US President Donald Trump has denied accusations by a porn star that he had sexual encounters with her, the White House said today, a day after she sued him to invalidate a deal that prevented her from discussing the alleged relationship.
Stephanie Clifford, who is known as Stormy Daniels in the adult film industry, filed a lawsuit in a California State court on Tuesday.
Running into 28 pages, the lawsuit alleges that she was paid USD 130,000 by Michael Cohen, personal lawyer of Trump, to not to go public with her alleged sexual encounters with Trump when he was the then Republican-presidential candidate.
"The president has denied the allegations against him and again this case has already been won in arbitration," the White House Press Secretary Sarah Sanders told reporters at her daily news conference.
She alleged that Trump's lawyer Cohen forced her to sign a false statement and that she never signed a hush agreement regarding the alleged sexual encounter with him.
"Despite Trump's failure to sign the Hush Agreement, Cohen proceeded to cause USD 130,000 to be wired to the trust account of Clifford's attorney. He did so even though there was no legal agreement and thus no written nondisclosure agreement whereby Clifford was restricted from disclosing the truth about Trump," the lawsuit said.
The lawsuit says that Clifford began an intimate relationship with Trump in the summer of 2006 in Lake Tahoe, which continues till 2007.
"This relationship included, among other things, at least one "meeting" with Trump in a bungalow at the Beverly Hills Hotel located within Los Angeles County," the complaint said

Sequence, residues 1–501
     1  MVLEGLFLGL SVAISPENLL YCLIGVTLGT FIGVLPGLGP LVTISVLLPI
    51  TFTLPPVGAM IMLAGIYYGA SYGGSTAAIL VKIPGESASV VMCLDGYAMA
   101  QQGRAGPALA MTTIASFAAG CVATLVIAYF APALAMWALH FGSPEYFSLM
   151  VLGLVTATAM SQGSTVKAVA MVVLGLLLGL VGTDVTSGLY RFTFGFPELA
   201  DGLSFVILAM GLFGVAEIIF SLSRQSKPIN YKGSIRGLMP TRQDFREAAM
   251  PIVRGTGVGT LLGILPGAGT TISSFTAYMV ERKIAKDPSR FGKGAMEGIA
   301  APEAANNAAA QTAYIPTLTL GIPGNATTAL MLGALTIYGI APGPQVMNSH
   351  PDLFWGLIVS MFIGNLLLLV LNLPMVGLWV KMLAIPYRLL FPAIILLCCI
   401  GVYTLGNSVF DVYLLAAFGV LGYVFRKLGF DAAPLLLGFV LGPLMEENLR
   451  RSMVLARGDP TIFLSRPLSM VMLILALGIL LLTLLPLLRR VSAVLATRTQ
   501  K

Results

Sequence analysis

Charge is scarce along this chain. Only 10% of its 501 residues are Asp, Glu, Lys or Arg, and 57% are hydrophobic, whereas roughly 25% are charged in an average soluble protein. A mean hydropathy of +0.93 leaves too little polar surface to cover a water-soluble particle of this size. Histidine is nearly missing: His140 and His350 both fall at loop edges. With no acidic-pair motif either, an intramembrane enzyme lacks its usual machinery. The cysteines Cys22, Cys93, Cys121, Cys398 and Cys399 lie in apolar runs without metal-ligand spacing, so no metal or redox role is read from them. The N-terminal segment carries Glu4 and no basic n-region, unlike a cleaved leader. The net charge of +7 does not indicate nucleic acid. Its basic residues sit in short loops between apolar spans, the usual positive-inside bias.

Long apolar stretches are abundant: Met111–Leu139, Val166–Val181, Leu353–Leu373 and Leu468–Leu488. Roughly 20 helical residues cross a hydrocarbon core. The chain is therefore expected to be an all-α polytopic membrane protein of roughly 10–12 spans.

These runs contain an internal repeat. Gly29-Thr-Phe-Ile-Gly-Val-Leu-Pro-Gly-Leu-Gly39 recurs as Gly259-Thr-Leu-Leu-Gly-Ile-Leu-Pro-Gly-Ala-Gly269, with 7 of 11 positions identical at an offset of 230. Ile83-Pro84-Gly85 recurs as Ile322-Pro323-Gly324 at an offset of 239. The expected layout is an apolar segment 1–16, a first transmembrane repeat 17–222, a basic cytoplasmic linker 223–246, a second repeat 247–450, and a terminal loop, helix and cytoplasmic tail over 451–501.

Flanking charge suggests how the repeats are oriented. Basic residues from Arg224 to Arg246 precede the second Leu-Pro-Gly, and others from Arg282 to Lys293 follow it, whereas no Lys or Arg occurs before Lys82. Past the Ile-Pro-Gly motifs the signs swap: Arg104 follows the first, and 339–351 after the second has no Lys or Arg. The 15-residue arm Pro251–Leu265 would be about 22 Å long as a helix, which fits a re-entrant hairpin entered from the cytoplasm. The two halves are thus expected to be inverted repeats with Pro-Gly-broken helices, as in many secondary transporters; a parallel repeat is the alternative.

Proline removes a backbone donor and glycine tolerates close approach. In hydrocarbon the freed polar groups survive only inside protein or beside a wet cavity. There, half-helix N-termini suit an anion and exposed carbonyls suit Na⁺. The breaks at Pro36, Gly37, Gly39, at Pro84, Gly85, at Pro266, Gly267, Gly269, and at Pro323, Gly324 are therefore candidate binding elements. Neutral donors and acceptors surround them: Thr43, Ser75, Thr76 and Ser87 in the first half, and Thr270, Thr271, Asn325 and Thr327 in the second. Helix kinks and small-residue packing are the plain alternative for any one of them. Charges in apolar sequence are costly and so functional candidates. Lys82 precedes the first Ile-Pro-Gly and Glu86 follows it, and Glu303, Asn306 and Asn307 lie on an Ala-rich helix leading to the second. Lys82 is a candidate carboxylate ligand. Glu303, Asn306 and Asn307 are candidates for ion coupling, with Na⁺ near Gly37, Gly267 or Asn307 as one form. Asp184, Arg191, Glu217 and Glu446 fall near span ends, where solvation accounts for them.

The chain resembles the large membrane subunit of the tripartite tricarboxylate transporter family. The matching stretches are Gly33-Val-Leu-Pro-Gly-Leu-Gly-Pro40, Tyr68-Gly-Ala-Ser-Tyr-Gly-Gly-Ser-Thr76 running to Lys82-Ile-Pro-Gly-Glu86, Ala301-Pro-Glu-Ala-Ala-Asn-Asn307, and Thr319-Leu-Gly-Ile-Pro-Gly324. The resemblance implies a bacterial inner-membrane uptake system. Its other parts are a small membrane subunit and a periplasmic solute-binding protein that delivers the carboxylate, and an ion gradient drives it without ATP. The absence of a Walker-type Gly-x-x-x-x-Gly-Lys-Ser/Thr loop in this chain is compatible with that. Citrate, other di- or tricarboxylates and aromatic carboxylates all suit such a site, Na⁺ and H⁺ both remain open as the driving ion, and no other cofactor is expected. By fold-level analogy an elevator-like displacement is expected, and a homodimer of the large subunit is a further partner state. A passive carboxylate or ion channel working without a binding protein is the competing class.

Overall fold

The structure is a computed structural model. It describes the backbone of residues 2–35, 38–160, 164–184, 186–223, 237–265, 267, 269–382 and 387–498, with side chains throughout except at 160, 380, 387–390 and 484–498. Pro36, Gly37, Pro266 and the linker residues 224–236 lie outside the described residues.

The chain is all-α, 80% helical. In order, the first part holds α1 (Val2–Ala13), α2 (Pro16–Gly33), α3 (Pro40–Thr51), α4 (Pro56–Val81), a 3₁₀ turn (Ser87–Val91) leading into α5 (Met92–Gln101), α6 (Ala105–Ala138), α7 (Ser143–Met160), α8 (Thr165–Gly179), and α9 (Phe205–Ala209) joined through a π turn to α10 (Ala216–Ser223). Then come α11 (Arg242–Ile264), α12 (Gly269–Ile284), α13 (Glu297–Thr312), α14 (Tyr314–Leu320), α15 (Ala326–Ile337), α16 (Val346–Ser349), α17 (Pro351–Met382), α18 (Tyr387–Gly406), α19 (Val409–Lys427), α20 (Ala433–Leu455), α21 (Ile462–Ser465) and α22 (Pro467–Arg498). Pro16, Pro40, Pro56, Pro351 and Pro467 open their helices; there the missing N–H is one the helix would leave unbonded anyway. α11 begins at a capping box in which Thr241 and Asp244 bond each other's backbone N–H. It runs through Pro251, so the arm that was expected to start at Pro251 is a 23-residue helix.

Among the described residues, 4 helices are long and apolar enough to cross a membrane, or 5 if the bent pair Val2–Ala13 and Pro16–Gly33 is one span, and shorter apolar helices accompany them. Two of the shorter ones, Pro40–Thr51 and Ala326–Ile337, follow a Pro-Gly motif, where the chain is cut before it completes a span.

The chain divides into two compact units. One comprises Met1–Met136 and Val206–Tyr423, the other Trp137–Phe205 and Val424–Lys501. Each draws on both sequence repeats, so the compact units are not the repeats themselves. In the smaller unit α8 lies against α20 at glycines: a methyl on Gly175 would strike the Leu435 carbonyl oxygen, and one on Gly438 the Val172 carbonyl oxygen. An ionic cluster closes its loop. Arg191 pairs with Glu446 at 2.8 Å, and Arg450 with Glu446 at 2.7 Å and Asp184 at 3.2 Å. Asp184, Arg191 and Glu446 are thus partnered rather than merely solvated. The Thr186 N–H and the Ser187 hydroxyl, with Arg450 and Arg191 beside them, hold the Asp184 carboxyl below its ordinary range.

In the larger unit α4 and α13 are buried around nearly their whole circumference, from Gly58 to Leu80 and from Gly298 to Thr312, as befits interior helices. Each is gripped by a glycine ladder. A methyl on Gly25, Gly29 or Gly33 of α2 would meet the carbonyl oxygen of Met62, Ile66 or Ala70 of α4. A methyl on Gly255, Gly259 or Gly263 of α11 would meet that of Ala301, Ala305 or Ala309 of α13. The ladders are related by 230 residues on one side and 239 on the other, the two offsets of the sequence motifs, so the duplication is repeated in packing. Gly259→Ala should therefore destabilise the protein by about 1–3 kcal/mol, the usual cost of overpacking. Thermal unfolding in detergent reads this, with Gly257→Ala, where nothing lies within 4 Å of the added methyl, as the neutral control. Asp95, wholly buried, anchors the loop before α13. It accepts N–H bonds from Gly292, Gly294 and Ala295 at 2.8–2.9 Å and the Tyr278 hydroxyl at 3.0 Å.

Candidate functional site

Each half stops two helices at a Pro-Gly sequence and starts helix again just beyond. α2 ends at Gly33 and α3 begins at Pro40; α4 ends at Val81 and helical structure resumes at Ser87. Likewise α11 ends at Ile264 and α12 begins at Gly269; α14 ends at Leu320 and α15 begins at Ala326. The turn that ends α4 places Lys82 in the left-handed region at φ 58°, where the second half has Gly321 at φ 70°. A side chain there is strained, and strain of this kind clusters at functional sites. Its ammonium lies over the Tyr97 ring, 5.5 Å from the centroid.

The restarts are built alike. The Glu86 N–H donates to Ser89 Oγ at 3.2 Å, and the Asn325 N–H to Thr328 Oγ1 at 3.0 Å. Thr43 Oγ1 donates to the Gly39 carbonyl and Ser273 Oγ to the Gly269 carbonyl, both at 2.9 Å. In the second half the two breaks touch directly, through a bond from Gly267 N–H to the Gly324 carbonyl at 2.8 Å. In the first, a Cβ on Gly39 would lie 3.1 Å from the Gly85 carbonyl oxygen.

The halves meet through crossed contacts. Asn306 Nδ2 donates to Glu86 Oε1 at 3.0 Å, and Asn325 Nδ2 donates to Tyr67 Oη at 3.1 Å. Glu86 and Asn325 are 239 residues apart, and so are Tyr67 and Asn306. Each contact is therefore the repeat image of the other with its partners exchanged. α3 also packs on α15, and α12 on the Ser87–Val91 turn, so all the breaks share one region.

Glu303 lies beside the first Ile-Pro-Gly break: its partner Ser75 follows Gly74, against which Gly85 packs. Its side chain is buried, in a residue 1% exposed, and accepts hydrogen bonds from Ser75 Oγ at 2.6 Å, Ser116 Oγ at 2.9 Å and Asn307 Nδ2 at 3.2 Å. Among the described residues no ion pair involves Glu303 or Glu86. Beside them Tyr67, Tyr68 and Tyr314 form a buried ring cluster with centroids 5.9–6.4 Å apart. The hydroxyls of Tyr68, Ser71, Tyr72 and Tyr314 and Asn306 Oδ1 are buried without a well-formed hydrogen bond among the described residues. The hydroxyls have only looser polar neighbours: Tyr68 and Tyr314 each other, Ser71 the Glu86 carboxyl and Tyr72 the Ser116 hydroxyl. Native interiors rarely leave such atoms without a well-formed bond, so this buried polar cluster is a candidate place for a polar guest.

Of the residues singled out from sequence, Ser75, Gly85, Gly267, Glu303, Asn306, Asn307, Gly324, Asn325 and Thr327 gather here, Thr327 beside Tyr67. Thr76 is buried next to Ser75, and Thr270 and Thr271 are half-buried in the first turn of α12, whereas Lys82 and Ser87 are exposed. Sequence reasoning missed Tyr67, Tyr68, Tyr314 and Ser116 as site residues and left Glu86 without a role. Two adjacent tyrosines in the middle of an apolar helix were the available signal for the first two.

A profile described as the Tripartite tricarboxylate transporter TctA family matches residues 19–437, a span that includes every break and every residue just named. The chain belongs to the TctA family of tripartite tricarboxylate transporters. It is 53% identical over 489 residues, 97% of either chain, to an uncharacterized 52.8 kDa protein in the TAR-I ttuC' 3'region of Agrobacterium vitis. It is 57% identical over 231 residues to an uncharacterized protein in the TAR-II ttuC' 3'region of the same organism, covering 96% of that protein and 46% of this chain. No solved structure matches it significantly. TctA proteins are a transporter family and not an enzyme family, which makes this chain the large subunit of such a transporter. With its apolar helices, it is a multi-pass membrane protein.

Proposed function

Responding to questions, Sanders said she is not aware that Trump was aware that his lawyer has made any payment to the adult film star at that time, which was made days before the 2016 presidential elections.
"I can share that arbitration was won in the president's favour, and I would refer you to the president's outside counsel on any details beyond that," Sanders said.
"This case had already been won in arbitration, and that there was no knowledge of any payments from the president and he's denied all of these allegations," she reiterated in response to another question.
"The President denied these allegations. We've addressed this. The American people were aware of this, voted for the President. I don't have anything more to add," she said.
Reached for comment yesterday, Clifford's current attorney, Michael Avenatti, said Cohen, through his own attorney, Lawrence Rosen, has made further attempts to enforce the order and caution Clifford that she is subject to damages if she talks about Trump, NBC reported.
"We do not take kindly to these threats, nor will we be intimidated," Avenatti said.
In a statement Rosen said, an arbitration judge found that Daniels' "had violated the agreement and enjoined her from, among other things, filing this lawsuit... We intend to pursue our recourse in the arbitration as agreed to by both parties and continue to categorically refute the claims alleged by (Daniels) and her counsel."
Avenatti soon issued another statement. "First of all, it does not appears as if (Trump) was even a party to the arbitrations (Daniels) is referring to. How can you win something you're not even a part of? Secondly, claiming that Trump 'won' at arbitration when there has been no hearing, no notice to (Daniels), no opportunity given to her to respond, and no decision on the merits, is completely bogus," he said.
The New York Times and NBC news reported late last night that Trump's lawyer secretly obtained a temporary restraining order last week to prevent Daniels from speaking out about her alleged affair with him.
(This story has not been edited by Business Standard staff and is auto-generated from a syndicated feed.)